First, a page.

Friday, November 27, 2015

Grateful Dead: Truckin'

Continuing with our Holiday Road Trip theme...

"Truckin'" is a song by the Grateful Dead, which first appeared on their 1970 album American Beauty. It was recognized by the United States Library of Congress in 1997 as a national treasure.

Written by band members Jerry Garcia, Bob Weir, Phil Lesh, and lyricist Robert Hunter, "Truckin'" molds classic Grateful Dead rhythms and instrumentation with lyrics that use the band's misfortunes on the road as a metaphor for getting through the constant changes in life. Its climactic refrain, "What a long, strange trip it's been," has achieved widespread cultural use in the years since the song's release.

"Truckin'" is associated with the blues and other early 20th century forms of folk music.

"Truckin'" was considered a "catchy shuffle" by the band members. Garcia himself commented that "the early stuff we wrote that we tried to set to music was stiff because it wasn't really meant to be sung ... the result of [lyricist Robert Hunter getting into our touring world], the better he could write ... and the better we could create music around it." The communal, shared-group-experience feel of the song is brought home by the participation of all four of the group's chief songwriters (Garcia, Weir, Lesh, and Hunter), since, in Phil Lesh's words, "we took our experiences on the road and made it poetry," lyrically and musically. He goes on to say that "the last chorus defines the band itself."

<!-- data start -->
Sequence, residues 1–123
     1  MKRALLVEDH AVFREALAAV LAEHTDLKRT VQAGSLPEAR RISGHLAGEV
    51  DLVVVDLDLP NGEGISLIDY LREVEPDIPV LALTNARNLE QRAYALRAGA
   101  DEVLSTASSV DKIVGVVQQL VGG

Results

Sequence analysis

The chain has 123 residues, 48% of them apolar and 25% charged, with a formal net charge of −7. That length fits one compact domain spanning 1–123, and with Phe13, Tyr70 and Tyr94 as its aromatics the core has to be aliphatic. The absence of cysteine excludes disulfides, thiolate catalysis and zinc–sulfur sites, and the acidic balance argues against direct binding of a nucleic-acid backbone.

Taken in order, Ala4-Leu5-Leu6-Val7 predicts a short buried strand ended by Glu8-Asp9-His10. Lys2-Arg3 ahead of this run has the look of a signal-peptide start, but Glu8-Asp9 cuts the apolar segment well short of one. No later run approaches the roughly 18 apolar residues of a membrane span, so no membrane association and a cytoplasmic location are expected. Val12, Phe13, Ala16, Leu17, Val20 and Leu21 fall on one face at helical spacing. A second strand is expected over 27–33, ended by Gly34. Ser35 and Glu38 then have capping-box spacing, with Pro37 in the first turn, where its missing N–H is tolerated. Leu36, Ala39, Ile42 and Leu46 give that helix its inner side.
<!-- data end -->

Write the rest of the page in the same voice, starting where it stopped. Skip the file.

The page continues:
The song was taken from the American Beauty album and edited down in length from five to three minutes for release as a single. In addition to being shorter, the single version had some audible differences compared to the album version: it featured sections of lead guitar in places where it's faded down on the album version, and has a strongly processed verse vocal, different vocal track for the "Sometimes the lights..." portion, and is missing the album version's organ part.

The single reached number 64 on January 27, 1971 on the U.S. Pop Singles chart and stayed on the chart for eight weeks. "Truckin'" was the highest-charting pop single the group would have until the surprise top-ten performance of "Touch of Grey" sixteen years later. Moreover, the album track was heavily played on progressive rock and album oriented rock radio stations and accordingly helped popularize the group among general rock audiences.

The song was influenced by a dance from the twenties called "jiggeln'". It was more influenced by underground comix artist R. Crumb's drawing "Keep on Truckin'" that appeared in Zap Comix #1, released in San Francisco in 1968.

What does tomorrow bring?

Tune in to find out! 

Subscribe to our mailing list

* indicates required